This topic explains about acids and bases, the difference between acid and base, properties and classification.Everywhere around us, we can see some or the other substance which is made up of either an acid, base or salt like curd, water, tamarind, lemon etc and even acid rain for the less fortunate. All these substances have different tastes and specific properties varying according to their chemical nature. They can either taste sour, bitter or have another distinctive taste of their own depending on their chemical composition. On the basis of their chemical nature, a substance can be basically classified into three categories: acidic, basic or neutral.
To find the numeric value of the level of acidity or basicity of a substance we use the pH scale wherein pH stands for ‘potential of hydrogen’. A pH scale is the most common and trusted way to measure how acidic or basic a substance is. A pH scale measure varies from 0 to 14 wherein 0 being the most acidic and 14 being the most basic a substance can be.
Another way to check if a substance is acidic or basic is to use litmus paper. There are two types of litmus paper available basically, red litmus paper and blue litmus paper, whose application varies according to the type of substance being tested. Essentially, Blue litmus paper turns red under acidic conditions and red litmus paper turns blue under basic or alkaline conditions.
The word acid comes from a Latin word ‘acere’ which means ‘sour’. Acidic substances are usually identified by their sour taste. An acid is basically a molecule which can donate a hydrogen ion (H+ ) and can remain energetically favorable after a loss of H+. Acids are known to turn blue litmus red.
Examples: orange juice, curd, lemon juice, etc.
- Acids are corrosive in nature.
- Good conductors of electricity.
- Acids have pH less than 7.
- Produces hydrogen gas when reacted with metals.
- Acids taste sour.
Classification of Acids:
Acids can be classified into two types:
- Natural acids: the acids which are basically present in food. For example, acetic acid, tartaric acid, lactic acid, etc.
- Mineral acids: the acids which are used in various laboratory processes like Hydrochloric acid, Sulphuric acid etc. They are also known as inorganic acids.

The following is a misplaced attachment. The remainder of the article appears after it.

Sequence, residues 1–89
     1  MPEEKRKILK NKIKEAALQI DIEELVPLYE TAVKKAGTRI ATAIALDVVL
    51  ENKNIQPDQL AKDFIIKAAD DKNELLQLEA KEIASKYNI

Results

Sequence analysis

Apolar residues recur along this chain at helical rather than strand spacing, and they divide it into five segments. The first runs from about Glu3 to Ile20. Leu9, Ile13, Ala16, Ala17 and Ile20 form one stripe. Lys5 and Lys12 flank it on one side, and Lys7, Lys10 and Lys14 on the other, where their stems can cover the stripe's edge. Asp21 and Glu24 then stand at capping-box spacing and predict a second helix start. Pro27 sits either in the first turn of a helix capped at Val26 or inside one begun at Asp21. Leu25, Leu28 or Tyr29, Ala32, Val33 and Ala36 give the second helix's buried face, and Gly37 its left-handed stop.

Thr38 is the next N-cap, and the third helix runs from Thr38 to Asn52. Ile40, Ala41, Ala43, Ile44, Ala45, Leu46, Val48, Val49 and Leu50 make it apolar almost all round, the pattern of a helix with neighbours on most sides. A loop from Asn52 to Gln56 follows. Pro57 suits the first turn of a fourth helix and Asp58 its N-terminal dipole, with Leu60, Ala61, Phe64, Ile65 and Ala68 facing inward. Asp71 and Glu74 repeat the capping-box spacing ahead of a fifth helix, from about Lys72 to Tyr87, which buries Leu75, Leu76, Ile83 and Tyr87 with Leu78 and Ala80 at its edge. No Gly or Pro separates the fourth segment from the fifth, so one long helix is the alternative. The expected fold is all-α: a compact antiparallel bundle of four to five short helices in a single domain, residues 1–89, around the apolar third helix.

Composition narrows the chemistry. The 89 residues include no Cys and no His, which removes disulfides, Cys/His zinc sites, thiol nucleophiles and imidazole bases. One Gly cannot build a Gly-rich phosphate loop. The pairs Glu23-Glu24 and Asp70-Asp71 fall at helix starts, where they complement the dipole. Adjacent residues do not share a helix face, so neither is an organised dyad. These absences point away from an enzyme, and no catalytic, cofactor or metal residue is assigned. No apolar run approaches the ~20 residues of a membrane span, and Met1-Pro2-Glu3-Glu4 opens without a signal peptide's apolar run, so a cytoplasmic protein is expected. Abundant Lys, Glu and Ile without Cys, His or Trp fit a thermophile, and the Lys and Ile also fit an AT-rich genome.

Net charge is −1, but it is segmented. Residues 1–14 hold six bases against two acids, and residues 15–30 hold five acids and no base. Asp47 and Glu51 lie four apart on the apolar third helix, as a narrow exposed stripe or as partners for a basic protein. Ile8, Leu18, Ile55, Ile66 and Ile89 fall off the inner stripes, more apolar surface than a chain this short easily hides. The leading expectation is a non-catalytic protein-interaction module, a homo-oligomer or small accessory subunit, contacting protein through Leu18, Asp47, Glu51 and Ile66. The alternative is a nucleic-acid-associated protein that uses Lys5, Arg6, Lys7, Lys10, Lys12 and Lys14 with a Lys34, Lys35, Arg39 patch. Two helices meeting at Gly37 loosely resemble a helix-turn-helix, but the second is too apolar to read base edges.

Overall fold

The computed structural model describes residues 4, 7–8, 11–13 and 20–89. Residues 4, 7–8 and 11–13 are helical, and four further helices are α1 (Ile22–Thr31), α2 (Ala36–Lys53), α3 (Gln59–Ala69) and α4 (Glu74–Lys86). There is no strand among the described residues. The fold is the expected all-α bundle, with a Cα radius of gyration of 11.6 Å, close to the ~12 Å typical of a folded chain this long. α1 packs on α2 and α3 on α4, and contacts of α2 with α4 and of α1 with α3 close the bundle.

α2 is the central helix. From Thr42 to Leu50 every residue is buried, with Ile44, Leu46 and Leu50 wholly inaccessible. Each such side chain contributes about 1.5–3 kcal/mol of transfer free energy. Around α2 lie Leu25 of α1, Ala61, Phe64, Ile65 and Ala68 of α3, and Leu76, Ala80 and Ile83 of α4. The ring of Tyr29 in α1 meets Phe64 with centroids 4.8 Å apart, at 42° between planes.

Acids on their basis of bonding structure can also be divided into 2, namely Brønsted acids and Lewis acids.
Some substances do not taste sour but instead, they have a bitter taste, for example, baking soda, milk of magnesia, calcium hydroxide, etc. Substances that have a bitter taste and are soapy i.e slippery when touched are known as bases. Bases accept protons from any proton donor, and/or contain completely or partially displaceable OH– ions. An alkali is a base that dissolves in water. Bases are identified on basis of how they turn red litmus blue. Bases essentially dissolve fatty acids and bases from our skin which reduces the friction between contact points, hence people refer to them as being slippery.
Examples: Ammonium hydroxide (NH4OH) or ammonia water, Magnesium hydroxide ( Mg(OH)2 ) or milk of magnesia.
Properties of Bases:
- They are soapy when touched and bitter to taste.
- Bases release a hydroxide ion into the water solution.
- When used in the aqueous state, they are good conductors of electricity.
- They have pH value greater than 7
- Turn red litmus paper blue.
There are some substances that do not have acidic as well as basic characteristics. For a substance to be neutral, in the pH measure scale its pH value should be 7. This kind of substances is known as neutral substances. Neutral substances do not have any effect on either kind of litmus paper. For example, Water, cooking oil, common salt. The ph value of water is 7.
This article covers acidic, basic and neutral substances in brief detail. To know more about the topic download the Byju’s app: Byju’s- The Learning App.